Hand-washing is a simple and effective way to help prevent
diseases, such as colds, flu, and food poisoning.
When to wash your hands
- Often, especially during cold and flu (influenza) season, can reduce your risk of catching or
spreading a cold or the flu.
- Before, during, and after preparing food reduces your risk of catching or spreading bacteria that cause food
poisoning. Be especially careful to wash before and after preparing poultry,
raw eggs, meat, or seafood.
- After going to the bathroom or changing
diapers reduces your risk of catching or spreading infectious diseases such as
- Before and after you care for someone who is sick. It's also important to wash your hands before and after you treat a cut or wound.
- Before you eat is also a good idea.
Wash your hands after:
- Touching parts of your body that are not clean.
- Using the
- Coughing, sneezing, or using a handkerchief or disposable
- Handling or preparing foods, especially after touching
raw meat, poultry, fish, shellfish, or eggs.
- Touching an animal, animal waste, pet food, or pet treats.
- Changing diapers,
handling garbage, using the phone, or shaking hands.
The U.S. Centers for Disease Control and Prevention recommend the
following steps for hand-washing:
- Wet your hands with running water and
- Rub your hands
together to make a lather. Scrub well for at least 20 seconds.
- Pay special attention to your
wrists, the backs of your hands, between your fingers, and under your
- Rinse your hands well under running water.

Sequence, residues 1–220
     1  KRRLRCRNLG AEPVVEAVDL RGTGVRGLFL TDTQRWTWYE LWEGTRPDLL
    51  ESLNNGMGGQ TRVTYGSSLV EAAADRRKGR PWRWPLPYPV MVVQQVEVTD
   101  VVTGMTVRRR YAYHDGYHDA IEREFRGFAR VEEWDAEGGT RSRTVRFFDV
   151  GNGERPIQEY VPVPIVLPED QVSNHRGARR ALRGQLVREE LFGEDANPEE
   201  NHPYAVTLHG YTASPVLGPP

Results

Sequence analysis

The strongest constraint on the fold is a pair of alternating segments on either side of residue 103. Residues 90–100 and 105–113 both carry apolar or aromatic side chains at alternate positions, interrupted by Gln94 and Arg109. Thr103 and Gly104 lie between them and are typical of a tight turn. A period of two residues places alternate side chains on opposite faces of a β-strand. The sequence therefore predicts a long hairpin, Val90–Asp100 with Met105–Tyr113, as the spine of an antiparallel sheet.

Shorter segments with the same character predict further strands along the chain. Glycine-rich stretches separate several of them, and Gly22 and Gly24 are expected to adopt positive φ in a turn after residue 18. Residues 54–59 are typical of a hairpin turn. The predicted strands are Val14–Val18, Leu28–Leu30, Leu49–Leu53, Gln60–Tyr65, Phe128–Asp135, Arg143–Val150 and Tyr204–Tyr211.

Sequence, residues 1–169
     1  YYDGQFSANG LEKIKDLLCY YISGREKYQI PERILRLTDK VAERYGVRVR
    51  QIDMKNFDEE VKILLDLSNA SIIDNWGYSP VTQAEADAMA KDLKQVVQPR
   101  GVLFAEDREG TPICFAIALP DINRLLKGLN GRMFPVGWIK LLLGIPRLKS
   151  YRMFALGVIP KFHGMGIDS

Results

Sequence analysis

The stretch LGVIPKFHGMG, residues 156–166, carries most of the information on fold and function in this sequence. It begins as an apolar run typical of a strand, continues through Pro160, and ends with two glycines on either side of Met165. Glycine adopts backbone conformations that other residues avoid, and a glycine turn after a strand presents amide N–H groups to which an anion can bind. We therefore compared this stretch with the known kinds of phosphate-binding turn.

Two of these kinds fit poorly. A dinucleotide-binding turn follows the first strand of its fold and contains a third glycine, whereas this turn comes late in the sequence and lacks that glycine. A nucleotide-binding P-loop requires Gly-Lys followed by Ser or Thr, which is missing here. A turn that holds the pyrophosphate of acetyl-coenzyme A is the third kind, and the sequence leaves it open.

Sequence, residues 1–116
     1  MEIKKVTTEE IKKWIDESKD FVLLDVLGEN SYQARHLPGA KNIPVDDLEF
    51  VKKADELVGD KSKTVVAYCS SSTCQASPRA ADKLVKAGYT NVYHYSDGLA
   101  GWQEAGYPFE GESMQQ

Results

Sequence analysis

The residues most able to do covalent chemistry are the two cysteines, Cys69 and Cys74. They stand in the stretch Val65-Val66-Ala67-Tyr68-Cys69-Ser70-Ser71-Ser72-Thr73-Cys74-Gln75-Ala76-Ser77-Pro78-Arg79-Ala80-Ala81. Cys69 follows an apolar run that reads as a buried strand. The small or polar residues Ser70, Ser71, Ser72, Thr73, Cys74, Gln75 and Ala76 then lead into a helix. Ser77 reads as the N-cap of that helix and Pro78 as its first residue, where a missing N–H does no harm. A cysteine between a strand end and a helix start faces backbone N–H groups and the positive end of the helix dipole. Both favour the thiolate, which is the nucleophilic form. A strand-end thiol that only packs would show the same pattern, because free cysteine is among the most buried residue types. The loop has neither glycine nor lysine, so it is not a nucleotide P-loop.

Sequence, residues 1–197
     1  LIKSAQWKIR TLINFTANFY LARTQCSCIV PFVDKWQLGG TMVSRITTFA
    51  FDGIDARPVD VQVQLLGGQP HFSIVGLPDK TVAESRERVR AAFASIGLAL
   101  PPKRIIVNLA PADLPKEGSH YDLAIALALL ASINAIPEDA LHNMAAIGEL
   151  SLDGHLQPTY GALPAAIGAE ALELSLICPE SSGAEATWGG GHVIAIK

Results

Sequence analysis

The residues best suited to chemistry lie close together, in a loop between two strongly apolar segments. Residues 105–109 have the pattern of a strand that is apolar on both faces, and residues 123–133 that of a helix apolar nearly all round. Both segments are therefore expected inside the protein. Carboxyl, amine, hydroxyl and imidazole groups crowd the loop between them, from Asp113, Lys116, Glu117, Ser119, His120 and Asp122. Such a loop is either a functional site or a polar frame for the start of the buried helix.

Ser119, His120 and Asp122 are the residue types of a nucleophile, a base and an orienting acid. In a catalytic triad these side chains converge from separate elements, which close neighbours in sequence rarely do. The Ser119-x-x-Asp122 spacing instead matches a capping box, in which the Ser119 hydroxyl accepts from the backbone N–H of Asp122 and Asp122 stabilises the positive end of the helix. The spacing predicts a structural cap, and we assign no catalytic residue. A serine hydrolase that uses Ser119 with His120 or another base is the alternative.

- Use a clean towel to dry your hands, or air-dry your hands.
You may want to leave the water running while you dry your hands on a
paper towel. Then use the paper towel as a barrier between the faucet
and your clean hands when you turn off the water.
If soap and water are not available, use a hand sanitizer or alcohol-based hand wipe that contains at least 60% ethyl alcohol or isopropanol. Carry one or both with you when you travel,
and keep them in your car or purse. These products can help reduce the number of germs on your hands, but they do not get rid of all types of germs.
If you use sanitizer, rub your hands and fingers until they are dry.
You don't need to use water. The alcohol quickly kills many types of germs on your
- Food Poisoning and Safe Food Handling
- Health and Safety, Ages 2 to 5 Years
- Health and Safety, Birth to 2 Years
Other Works Consulted
|By: ||Healthwise Staff ||Current as of: June 4, 2014|
|Medical Review: ||E. Gregory Thompson, MD - Internal Medicine|
W. David Colby IV, MSc, MD, FRCPC - Infectious Disease